SEARCH ME >> 11.07

Our monthly depressing look at the search terms that bring pervs to BOOKGASM!

search terms nov 2007

Killswitch

killswitch reviewThings finally are coming to a head for sexy one-woman army Cassandra Kresnov: a de facto occupying fleet is surrounding her newly adopted homeworld of Callay, there’s a superhuman killer loose that seems strangely familiar, and her boyfriend’s just told her that there’s a self-destruct mechanism inside her skull.

KILLSWITCH – the third book in Joel Shepherd’s series that started in Australia in 2001 and was brought to North America last year by Pyr with CROSSOVER and BREAKAWAY – is another remarkable effort that remains true to its predecessors and shows Shepherd’s evolution as a writer.

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The Spider: Robot Titans of Gotham

spider robot titans reviewBefore Doc Savage and The Shadow ruled the pulp racks, there was a hero who really broke the mold of what to expect from those days: Norvell Page’s The Spider. He’s back – albeit as a reprint – in the collection THE SPIDER: ROBOT TITANS OF GOTHAM, and it’s pretty jaw-dropping to see how much violence was used in these stories. We’re not just talking basic fights, but full-on gun battles with people being set on fire or attacked by vampire bats.

Baen – known pretty much as a sci-fi publisher – acquired the rights to republish The Spider’s adventures in glorious trade paperbacks, as opposed to some overpriced reprints. What really made the purchase of this book was, of course, the cover artwork by none other than Steranko.

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Deadfall

deadfall reviewAs Robert Liparulo’s third try at a thriller, DEADFALL is better than his previous efforts, but still not enough to justify the hype. As with last year’s GERM, it has a simple setup that’s ripe for high-concept treatment, but executed too much.

Four guy’s guys are taking a vacation from life’s problems in the form of a hunting trip in the vast expanse of the Canadian wild. But what they don’t count on is becoming the hunted themselves. Yes, Virginia, it’s a little like DELIVERANCE, but with redneck phalli replaced by a high-tech disintegrator ray.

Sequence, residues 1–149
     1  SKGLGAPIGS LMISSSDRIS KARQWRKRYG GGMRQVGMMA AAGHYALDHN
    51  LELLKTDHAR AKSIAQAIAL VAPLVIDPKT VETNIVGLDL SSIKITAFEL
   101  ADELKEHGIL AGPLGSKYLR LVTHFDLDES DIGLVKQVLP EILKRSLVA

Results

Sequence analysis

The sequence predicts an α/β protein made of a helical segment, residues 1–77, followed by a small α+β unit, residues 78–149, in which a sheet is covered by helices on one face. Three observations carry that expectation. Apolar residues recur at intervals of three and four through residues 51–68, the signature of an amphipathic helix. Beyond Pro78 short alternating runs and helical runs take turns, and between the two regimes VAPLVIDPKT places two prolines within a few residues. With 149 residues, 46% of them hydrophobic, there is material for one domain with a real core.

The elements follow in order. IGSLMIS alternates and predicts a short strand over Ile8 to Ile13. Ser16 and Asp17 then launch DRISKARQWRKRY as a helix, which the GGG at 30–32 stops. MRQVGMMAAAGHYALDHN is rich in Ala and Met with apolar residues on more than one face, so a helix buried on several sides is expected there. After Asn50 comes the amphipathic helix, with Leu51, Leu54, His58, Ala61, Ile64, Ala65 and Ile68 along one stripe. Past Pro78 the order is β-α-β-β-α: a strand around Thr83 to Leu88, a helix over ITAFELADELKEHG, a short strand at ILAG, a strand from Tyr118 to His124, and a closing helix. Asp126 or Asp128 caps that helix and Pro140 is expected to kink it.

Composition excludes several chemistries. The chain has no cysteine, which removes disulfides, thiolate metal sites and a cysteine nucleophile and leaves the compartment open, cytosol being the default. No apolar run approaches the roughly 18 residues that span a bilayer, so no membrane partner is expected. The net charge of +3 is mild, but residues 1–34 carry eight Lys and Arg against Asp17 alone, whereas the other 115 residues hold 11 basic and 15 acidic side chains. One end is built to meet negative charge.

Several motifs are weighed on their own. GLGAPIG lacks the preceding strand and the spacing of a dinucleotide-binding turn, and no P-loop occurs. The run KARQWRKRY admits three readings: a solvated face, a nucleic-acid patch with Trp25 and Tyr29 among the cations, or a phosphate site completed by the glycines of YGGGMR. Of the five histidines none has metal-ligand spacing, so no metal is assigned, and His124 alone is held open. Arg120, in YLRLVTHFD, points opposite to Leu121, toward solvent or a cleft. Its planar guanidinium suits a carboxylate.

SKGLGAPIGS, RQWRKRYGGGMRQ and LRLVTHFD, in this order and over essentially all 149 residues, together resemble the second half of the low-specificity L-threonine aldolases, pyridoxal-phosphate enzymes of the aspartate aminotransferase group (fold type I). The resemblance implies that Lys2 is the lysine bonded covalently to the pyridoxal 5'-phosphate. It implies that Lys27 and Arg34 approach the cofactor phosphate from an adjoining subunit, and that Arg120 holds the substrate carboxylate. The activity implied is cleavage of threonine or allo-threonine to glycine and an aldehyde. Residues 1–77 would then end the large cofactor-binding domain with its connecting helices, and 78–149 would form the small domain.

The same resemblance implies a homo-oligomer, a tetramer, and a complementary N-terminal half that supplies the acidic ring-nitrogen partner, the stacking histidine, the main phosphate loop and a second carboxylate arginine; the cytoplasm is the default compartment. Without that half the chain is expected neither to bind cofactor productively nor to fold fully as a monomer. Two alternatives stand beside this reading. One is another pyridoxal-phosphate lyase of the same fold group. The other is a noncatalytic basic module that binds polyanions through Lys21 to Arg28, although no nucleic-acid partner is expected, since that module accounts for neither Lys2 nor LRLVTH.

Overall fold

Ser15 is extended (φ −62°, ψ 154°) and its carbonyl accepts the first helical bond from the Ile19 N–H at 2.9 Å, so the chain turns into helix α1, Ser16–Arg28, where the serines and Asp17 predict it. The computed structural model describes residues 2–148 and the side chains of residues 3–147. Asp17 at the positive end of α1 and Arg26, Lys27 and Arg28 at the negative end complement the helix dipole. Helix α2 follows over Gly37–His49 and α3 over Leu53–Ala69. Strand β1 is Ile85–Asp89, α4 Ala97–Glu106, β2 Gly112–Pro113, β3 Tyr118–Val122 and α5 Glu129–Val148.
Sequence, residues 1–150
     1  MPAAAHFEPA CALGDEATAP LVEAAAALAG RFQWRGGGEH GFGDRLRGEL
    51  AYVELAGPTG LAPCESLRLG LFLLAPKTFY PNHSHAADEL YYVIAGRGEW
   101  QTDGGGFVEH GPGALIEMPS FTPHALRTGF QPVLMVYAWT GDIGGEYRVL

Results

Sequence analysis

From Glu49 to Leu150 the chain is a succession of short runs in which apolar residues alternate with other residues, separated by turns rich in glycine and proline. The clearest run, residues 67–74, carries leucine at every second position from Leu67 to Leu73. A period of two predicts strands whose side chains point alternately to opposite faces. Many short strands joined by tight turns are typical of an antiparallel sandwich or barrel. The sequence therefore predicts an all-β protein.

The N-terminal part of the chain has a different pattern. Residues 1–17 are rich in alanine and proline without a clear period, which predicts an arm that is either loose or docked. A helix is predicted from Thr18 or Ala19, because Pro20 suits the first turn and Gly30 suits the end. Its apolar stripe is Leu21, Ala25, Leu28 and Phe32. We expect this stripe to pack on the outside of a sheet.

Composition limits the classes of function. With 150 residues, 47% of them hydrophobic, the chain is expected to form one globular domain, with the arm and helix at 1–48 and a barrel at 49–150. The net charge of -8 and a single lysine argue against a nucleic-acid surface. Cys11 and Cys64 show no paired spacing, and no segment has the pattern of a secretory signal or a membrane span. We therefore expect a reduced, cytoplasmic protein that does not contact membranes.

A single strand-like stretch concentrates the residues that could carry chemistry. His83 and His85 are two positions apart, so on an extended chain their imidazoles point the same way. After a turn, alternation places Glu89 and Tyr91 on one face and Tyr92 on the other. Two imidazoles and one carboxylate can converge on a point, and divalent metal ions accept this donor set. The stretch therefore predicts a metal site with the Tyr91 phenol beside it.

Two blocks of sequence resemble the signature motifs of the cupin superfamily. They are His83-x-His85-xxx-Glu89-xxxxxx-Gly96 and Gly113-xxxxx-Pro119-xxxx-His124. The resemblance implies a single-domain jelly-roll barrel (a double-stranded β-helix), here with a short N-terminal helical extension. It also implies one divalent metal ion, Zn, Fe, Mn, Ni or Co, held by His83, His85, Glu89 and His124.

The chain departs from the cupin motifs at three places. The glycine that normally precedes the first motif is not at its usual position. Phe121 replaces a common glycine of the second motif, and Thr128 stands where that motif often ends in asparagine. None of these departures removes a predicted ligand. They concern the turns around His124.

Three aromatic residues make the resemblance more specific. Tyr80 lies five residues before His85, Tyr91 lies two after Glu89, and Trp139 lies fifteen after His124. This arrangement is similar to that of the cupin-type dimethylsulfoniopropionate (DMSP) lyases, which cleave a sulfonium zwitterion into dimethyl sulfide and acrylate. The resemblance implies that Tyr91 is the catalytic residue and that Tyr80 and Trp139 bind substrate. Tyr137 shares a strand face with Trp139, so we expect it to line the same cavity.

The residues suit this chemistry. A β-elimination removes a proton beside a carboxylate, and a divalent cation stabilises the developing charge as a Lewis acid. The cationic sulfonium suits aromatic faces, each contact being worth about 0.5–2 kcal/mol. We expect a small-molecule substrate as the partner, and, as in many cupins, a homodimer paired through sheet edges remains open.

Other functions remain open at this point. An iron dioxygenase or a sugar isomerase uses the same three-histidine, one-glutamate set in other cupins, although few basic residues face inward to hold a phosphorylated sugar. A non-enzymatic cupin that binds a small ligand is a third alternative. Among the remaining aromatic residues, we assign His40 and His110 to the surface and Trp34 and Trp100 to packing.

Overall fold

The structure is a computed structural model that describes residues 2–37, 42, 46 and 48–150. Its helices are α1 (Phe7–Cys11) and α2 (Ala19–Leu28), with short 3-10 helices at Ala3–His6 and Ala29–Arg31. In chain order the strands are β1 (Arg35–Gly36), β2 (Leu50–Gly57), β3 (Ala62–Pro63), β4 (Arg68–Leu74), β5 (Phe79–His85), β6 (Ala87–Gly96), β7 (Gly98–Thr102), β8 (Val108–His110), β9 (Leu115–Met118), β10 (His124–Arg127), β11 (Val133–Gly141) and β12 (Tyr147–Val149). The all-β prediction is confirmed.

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The Sword-Edged Blonde

sword edged blonde reviewCertainly, there are other examples of private investigators set in the medieval fantasy world of sword and sorcery, but Alex Bledsoe’s THE SWORD-EDGED BLONDE has a marvelous quirkiness to it – a naturalness about it that feels right even though the story and the character go a wee bit beyond convention.

That kind of tale is the hallmark of San Francisco publisher Night Shade Books, always doing something just a half-tick off the ordinary. Sometimes it works, sometimes it feels strained. But it works remarkably well in Bledsoe’s case.

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Deadly Beloved

deadly beloved reviewAs winter hits, a new Max Allan Collins novel is as effective for providing comfort as a warm blanket. DEADLY BELOVED is his latest – his third for Hard Case Crime – and finds him revisiting one of his comics creations in prose form: the female detective Ms. Tree. She’s no feminist, mind you – she just likes the pun.